You can't put a price on a smile, so the old saying goes. But researchers at Bangor University have done just that, calculating that a smile is worth exactly one third of a penny – and that it's a form of "social currency" that people will pay for.
The psychology department team designed an experiment to measure people's responses to two types of smile: the genuine smile – those that produce laughter lines at the sides of our eyes - and the polite smile – those that don't. In the experiment, students were invited to play a game against computerised "opponents" who smiled either genuinely or politely and had either higher or lower chances of winning money. As the game went on, participants were asked to choose their opponents, allowing researchers to work out how valuable they found each type of smile.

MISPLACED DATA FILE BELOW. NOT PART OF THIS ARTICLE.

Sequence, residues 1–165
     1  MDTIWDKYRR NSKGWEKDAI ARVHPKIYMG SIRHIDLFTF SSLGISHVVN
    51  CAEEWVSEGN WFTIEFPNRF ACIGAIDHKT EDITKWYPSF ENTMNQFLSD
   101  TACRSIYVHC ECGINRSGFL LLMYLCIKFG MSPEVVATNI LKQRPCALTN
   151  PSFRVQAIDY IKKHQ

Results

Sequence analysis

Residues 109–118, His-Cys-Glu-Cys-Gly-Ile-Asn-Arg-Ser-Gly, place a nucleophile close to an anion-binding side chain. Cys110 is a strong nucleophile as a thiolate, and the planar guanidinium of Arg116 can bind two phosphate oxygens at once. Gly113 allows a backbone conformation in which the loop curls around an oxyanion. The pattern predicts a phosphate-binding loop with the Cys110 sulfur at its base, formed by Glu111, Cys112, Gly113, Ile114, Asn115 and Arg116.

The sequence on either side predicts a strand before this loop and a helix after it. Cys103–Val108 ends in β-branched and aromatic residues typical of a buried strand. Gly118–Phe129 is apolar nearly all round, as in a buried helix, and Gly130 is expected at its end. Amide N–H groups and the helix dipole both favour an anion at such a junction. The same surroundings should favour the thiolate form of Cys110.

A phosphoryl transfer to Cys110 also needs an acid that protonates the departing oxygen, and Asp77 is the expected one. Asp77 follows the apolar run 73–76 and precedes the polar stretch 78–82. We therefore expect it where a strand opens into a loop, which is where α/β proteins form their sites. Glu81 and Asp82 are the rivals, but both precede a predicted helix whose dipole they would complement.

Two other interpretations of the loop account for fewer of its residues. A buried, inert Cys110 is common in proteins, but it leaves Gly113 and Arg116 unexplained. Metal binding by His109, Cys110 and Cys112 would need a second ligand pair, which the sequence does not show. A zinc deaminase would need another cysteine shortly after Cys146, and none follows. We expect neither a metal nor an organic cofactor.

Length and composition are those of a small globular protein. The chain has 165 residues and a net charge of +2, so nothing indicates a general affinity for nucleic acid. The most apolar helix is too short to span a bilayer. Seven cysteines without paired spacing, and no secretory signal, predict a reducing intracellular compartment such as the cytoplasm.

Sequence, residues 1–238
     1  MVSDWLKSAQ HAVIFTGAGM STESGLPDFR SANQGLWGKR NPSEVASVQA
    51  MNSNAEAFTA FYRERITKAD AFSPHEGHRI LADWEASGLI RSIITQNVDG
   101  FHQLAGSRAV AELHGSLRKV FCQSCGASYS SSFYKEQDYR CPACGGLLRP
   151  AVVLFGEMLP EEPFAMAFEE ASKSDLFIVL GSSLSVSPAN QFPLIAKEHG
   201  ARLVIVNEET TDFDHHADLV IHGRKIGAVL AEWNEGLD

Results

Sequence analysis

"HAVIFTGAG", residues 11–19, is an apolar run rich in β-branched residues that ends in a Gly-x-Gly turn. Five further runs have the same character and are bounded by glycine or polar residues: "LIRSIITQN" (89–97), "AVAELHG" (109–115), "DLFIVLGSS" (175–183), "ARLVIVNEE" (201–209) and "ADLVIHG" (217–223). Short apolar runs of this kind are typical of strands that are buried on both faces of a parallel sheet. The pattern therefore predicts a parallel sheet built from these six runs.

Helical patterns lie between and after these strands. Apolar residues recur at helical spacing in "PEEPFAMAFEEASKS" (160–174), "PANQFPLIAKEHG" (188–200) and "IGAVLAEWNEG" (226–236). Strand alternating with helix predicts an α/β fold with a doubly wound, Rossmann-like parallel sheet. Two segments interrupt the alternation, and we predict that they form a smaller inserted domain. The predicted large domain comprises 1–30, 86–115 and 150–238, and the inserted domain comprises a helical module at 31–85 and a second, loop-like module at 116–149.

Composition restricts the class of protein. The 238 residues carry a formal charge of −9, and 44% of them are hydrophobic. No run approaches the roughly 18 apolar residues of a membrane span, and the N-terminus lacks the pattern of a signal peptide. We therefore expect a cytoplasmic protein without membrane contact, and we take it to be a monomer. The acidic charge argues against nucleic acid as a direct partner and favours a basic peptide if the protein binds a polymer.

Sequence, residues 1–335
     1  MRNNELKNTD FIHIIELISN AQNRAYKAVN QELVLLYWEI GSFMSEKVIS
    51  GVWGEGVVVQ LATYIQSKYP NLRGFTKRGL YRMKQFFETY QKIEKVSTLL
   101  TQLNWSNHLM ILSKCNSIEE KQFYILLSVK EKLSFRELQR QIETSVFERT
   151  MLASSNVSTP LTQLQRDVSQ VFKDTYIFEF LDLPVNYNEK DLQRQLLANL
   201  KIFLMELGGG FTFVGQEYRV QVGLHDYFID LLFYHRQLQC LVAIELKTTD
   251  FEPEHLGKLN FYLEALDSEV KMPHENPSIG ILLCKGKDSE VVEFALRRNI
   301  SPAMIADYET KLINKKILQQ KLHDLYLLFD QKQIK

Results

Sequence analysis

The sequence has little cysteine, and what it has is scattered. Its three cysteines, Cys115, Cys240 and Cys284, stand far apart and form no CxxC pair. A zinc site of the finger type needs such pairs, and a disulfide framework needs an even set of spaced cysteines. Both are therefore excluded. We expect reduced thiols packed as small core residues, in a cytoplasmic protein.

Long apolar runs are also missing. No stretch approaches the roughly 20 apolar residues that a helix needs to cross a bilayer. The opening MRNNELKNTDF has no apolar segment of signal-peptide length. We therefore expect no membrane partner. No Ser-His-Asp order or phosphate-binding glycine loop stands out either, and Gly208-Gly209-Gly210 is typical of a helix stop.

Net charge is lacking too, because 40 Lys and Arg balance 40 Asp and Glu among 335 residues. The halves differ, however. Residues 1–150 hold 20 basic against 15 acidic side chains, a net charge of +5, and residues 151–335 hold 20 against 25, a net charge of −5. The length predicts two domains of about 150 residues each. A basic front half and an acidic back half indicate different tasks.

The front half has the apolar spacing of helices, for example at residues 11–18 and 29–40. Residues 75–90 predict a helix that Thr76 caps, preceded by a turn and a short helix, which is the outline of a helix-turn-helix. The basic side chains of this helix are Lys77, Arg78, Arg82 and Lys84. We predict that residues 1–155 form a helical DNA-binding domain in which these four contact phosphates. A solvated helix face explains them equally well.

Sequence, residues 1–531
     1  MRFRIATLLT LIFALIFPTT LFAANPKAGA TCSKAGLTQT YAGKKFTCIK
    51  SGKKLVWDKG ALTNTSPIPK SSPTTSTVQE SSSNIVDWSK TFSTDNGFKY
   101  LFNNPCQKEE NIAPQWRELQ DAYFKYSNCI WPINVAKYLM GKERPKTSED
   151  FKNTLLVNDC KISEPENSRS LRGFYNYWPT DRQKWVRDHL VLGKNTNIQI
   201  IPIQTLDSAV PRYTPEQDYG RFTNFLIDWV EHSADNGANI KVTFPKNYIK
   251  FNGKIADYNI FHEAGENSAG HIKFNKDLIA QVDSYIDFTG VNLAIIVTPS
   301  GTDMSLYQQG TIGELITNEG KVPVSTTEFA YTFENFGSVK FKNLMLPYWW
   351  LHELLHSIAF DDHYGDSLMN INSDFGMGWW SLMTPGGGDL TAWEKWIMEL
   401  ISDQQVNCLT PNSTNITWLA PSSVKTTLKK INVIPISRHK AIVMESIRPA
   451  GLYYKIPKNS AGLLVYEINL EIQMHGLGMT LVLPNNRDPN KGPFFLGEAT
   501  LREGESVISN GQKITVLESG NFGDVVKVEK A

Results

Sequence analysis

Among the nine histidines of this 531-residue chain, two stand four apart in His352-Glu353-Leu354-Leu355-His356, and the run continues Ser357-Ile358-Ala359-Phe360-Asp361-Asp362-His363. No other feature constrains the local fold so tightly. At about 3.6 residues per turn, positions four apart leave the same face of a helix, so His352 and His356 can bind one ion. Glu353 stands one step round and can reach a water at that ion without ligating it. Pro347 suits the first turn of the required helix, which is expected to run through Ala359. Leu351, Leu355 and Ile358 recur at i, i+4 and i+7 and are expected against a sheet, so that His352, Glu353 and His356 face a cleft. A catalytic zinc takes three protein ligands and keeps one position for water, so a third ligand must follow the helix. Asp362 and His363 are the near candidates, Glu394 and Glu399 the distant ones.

They found that people preferred to play against opponents with genuine smiles – even when that meant they were less likely to win. "Our participants, all university students, are usually highly motivated to earn money," said Danielle Shore, lead author of the research. "The fact that they chose opponents who were less likely to pay out was a big surprise."
So what are the implications of these findings? That smiling pays. "Genuine smiles might help people see eye-to-eye during interactions," says Shore. "People who often make genuine smiles may have an easier time convincing others to adopt their goals."